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FORT ST. JOHN, B.C. – The 2021 Wild Words North art exhibit will draw on writing passages by Ryan Dickie and Wayne Sawchuk, highlighting their experiences in the “Serengeti of the North”, the Muskwa-Kechika.

Sawchuk discovered the Muskwa-Kechika region from his dad, and he has been connected with the region ever since.

“My dad always talked about it when I was a kid, it was always a famous place. It was an area where the outfitters hunted with 40 horse pack strings, giant grizzlies, caribou, moose, and mountains, it was the wild country,” says Sawchuk. “The First Nations guides from our area used to go up there, so we always had stories about this area when I was growing up.”

Sawchuk grew up in the logging industry, and he says it gave him perspective on the impact humans have on the land.

“When you come into a landscape that doesn’t have any human impact, you immediately see the difference. This is a valuable place, it’s still healthy, it’s still complex, it has all its species, and you can’t say that about the landscape where we’re living now. Our landscapes have been heavily impacted around here, and I think the M-K gives us one example of an area that isn’t, and from that perspective, it’s very valuable.”

While there are very few signs of humans in the area, Sawchuk says when you do find evidence, you get a sense of the history.

“We found the gas tank from the Bedaux expedition out on the Muskwa, a very iconic piece. From those small items, you get a sense of the bigger picture of history that unfolded on the landscape, and also from talking to the people who have experienced it themselves.”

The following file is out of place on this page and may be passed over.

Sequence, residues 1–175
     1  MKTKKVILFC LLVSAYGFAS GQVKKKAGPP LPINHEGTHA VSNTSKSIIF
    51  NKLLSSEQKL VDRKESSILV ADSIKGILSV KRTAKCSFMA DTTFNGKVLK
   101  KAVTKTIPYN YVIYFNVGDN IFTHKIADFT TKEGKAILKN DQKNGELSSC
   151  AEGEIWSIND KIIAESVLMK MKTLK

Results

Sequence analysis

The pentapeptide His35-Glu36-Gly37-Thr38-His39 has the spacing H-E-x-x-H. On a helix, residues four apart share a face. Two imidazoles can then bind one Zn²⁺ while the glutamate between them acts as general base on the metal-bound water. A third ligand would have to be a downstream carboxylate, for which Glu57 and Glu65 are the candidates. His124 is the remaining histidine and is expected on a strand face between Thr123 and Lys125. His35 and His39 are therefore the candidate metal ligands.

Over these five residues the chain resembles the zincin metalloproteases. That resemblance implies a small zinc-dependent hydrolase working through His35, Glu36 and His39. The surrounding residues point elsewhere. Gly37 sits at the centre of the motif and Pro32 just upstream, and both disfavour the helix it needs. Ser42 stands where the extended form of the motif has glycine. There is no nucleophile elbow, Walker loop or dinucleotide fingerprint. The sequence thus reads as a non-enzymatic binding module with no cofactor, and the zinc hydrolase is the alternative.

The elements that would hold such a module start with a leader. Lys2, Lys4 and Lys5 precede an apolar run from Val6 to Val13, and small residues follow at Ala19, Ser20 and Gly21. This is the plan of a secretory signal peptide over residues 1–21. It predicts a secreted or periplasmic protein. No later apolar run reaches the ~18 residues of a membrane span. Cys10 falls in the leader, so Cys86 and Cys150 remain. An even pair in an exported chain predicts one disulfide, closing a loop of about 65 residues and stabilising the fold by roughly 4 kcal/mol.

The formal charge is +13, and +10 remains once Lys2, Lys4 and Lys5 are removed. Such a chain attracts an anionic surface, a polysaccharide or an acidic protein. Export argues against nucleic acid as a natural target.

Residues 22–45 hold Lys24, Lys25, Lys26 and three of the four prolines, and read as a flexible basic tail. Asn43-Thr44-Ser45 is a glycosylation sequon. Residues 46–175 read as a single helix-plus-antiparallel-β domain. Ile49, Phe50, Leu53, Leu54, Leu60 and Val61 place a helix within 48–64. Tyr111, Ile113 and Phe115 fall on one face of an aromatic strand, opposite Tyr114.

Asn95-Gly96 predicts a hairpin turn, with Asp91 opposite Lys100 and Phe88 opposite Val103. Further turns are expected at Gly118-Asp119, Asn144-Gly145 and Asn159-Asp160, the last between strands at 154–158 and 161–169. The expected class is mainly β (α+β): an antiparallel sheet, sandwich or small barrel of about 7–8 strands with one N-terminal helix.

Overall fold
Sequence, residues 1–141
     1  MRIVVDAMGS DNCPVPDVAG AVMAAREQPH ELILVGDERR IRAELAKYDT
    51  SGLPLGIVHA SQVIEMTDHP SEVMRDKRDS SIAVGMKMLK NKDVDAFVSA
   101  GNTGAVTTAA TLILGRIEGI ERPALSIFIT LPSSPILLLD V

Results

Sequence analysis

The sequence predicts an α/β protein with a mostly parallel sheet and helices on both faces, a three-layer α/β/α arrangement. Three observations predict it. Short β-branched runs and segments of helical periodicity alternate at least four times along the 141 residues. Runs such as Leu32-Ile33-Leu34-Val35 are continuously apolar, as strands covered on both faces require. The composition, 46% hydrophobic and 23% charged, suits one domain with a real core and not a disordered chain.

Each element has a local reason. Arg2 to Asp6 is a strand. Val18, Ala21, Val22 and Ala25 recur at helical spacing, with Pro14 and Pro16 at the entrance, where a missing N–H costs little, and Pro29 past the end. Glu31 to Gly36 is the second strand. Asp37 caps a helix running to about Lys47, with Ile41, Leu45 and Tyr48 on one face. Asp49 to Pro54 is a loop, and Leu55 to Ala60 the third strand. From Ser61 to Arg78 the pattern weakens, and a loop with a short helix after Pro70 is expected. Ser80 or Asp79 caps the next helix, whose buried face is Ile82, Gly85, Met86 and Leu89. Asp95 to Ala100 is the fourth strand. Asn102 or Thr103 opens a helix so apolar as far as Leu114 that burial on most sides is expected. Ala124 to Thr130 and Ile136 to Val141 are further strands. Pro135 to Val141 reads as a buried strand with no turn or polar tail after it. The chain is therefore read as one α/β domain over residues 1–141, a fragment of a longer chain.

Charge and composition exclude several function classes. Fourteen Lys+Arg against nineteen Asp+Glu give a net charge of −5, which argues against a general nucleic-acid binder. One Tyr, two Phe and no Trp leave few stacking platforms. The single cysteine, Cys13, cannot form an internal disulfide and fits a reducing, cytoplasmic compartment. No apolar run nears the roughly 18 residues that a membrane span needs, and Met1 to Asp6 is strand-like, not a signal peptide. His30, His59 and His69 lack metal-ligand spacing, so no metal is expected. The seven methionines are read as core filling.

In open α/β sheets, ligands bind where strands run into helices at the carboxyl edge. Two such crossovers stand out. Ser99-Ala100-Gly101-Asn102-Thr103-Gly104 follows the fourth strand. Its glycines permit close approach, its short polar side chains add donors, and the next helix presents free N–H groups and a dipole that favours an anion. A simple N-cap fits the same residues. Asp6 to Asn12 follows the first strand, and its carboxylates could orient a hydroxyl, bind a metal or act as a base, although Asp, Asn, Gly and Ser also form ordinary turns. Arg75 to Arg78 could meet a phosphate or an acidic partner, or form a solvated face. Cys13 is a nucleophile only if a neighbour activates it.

One of the great gifts Sawchuk has is the ability to fuel the passion of the next generation of explorers and conservationists, And Ryan Dickie provides that outlet.

“We both share a love of the wild places and the wild landscape, and we do share a real reverence for the land in a lot of cases. Ryan is going to be a force in the future for sure, and if I can help with that, I’m most honoured to be able to assist him and tell him what I know about the landscape.”

With Sawchuk’s experience and Dickie’s Indigenous heritage, Sawchuck says they complement each other well.

“First Nations have so much history with the land. He has a long, thousands of years history with that landscape in his background, and I think my experience over my lifetime complements the long-term view that he brings to the M-K.”

When asked about choosing one location in the vast region that holds significance, Sawchuk tells the story of trusting the wildlife to find his way to the Upper Prophet River.

“If you read my book Crossing the Divide, there’s a section about how we escaped certain destruction on crossing the Rocky Mountain divide by following the trail of a herd of caribou across the mountains and over the divide. They basically saved our lives, and when we got down to the bottom, it was a sanctuary for me. I think that resonates with the idea of Dechinn that Ryan mentions, basically the idea of a sanctuary and a place that should be left intact for future generations.”

According to Sawchuk, the Muskwa-Kechika is known as North America’s number one hotspot for large mammals and biodiversity.

“It has more species, in greater abundance than anywhere else in North America, and that makes it a resource of international importance.”

Here is Wayne’s submission:

“Step out of the Gataga cabin summer or winter and listen for a moment. No motors intrude, no clicks and bangs and calls of humanity- we’re much too far from civilization for that. Then a raven, far off, cawing- and again. Ah, there’s wind in the trees and a snap from the fire in the stove. Listen harder- there’s a rhythmic thumping, steady and strong- it’s the beating of your heart.”

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